Today is the day that society says we are to celebrate our fathers. Let him put his feet up, have the remote, and give him special gifts. We are to tell him how much he means to us with sentiments via Hallmark. We are supposed to take this day to appreciate his wonderful ‘dadness’.
I’ve thought before that I don’t have him to celebrate any longer. I’ve thought ‘I have nothing on this day’. I have been so wrong. Although he may not be here to hug, open a gift, hear how much I love him and enjoy this day – I still have him to celebrate.
I know I am not alone in my grief today. There are thousands upon thousands of sons and daughters without their wonderful dads. We could fill an ocean with the tears of grief we could cry on this day for want of just five more minutes with them, just to hear their voice, to see their smile.
However, today my thoughts turned to a different kind of fatherless one. The one who has never had the extraordinary love only a father can give. I am thinking of friends who never knew their fathers or the ones who did, but only from a cold, impenetrable distance. My heart aches for the one who never heard ‘I’m proud of you’ or ‘I love you’. For the one who looked out in the crowd at every school performance, every baseball game, every recital – searching for the face that promised to show, but never came. I am so sorry for the disappointment and lack of presence they must have felt.
I hope they have had the chance to meet someone like my father at some point in their life. A man who seemed to see right into their hearts and understand their hurt. I am so very thankful for the man he was. He became ‘Dad’ to more than just his own children. He played the role of father to a countless number of kids who needed him, even if just for a moment. He did it effortlessly and selflessly. He amazes me to this day, especially when I run into someone who tells me how their life was changed by knowing him.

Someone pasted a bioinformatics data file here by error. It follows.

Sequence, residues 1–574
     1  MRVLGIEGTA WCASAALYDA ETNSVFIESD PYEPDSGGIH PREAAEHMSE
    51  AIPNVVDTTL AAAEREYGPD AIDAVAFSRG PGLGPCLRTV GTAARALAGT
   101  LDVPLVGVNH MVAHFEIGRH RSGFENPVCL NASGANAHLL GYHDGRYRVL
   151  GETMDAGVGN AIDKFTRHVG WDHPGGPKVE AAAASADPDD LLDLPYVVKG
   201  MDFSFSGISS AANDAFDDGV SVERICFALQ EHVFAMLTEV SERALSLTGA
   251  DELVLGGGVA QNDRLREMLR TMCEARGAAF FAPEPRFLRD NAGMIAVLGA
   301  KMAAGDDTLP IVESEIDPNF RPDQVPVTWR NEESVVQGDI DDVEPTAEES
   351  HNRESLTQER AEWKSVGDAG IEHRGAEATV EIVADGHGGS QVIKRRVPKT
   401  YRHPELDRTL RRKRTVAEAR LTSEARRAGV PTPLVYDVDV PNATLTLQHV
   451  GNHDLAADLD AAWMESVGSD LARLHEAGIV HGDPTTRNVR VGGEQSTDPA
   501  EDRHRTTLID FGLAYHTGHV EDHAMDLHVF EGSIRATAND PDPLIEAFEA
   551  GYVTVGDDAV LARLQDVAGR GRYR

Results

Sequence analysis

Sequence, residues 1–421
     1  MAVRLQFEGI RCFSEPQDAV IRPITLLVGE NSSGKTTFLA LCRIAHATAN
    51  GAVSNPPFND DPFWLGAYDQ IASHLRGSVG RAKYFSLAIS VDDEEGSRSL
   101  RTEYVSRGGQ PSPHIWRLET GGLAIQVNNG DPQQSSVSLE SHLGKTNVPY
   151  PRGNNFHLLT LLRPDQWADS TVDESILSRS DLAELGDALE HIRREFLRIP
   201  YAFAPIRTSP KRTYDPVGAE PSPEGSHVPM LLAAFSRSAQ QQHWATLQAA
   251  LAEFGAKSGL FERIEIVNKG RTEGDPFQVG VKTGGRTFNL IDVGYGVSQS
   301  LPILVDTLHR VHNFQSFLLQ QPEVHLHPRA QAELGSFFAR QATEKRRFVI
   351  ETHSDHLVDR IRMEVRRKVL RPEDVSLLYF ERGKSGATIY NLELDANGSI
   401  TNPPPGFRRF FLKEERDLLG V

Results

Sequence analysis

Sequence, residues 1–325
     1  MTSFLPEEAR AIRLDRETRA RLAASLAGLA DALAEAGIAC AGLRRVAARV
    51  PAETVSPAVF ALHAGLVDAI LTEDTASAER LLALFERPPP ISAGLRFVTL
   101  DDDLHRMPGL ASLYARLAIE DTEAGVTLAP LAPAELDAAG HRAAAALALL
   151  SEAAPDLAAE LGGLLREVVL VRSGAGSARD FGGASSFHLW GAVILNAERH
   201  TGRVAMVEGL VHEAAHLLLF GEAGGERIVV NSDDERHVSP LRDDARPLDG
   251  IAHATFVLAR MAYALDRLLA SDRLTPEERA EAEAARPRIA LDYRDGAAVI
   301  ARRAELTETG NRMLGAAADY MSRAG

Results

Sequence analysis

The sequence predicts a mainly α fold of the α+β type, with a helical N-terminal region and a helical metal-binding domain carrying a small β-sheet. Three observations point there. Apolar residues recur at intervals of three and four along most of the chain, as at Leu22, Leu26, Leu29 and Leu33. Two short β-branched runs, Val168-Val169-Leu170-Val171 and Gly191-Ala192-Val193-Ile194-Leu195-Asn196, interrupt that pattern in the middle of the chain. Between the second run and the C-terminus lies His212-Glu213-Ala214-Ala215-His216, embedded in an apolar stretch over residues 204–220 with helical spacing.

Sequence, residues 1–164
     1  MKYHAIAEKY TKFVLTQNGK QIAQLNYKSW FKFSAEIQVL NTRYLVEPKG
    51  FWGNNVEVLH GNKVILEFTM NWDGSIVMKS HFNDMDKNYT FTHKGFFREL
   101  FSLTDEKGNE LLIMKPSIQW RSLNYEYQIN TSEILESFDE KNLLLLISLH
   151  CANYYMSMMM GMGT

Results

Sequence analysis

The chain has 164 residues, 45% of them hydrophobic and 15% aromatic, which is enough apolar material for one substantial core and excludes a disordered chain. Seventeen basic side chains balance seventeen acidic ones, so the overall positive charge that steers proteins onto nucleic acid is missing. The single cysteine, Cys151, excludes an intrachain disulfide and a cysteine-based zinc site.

I could wallow in this day if I chose to do so and I doubt many would begrudge me my grief. However, I don’t do wallowing very well, as my strong, steadfast role model of a father would not approve. Instead I know I can celebrate and be so grateful for how I never had to want for him while he was here. He was a consistent presence, even into my adult years, that I never had to doubt. I never had to wonder if he loved me, if he was proud of me, or if I shared in his attributes that admired most. He told me, he showed me and he lived his love everyday, even into his last moments. He gave me and my siblings everything, all of himself, and we could never repay him. If that isn’t something to celebrate, then I can’t imagine anything worth celebrating.
Happy Father’s Day to all the dads, stepdads, grandpas and father figures that didn’t have to be.